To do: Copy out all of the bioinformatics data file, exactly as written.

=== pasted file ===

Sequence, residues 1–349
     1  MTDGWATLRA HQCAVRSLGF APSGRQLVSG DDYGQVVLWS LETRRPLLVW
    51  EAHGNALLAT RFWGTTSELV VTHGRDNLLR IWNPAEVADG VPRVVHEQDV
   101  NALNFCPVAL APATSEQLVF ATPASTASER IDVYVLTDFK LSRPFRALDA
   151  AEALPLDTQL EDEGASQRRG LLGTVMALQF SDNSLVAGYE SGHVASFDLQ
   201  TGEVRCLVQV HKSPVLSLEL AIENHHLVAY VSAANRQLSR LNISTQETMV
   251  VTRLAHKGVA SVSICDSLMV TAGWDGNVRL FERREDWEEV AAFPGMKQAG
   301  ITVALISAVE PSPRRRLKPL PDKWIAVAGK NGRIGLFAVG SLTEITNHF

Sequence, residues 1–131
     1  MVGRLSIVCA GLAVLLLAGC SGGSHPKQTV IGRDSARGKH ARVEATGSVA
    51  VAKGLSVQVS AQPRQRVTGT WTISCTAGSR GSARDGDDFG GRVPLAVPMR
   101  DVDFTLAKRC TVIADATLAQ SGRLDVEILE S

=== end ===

Sequence, residues 1–349
     1  MTDGWATLRA HQCAVRSLGF APSGRQLVSG DDYGQVVLWS LETRRPLLVW
    51  EAHGNALLAT RFWGTTSELV VTHGRDNLLR IWNPAEVADG VPRVVHEQDV
   101  NALNFCPVAL APATSEQLVF ATPASTASER IDVYVLTDFK LSRPFRALDA
   151  AEALPLDTQL EDEGASQRRG LLGTVMALQF SDNSLVAGYE SGHVASFDLQ
   201  TGEVRCLVQV HKSPVLSLEL AIENHHLVAY VSAANRQLSR LNISTQETMV
   251  VTRLAHKGVA SVSICDSLMV TAGWDGNVRL FERREDWEEV AAFPGMKQAG
   301  ITVALISAVE PSPRRRLKPL PDKWIAVAGK NGRIGLFAVG SLTEITNHF

Sequence, residues 1–131
     1  MVGRLSIVCA GLAVLLLAGC SGGSHPKQTV IGRDSARGKH ARVEATGSVA
    51  VAKGLSVQVS AQPRQRVTGT WTISCTAGSR GSARDGDDFG GRVPLAVPMR
   101  DVDFTLAKRC TVIADATLAQ SGRLDVEILE S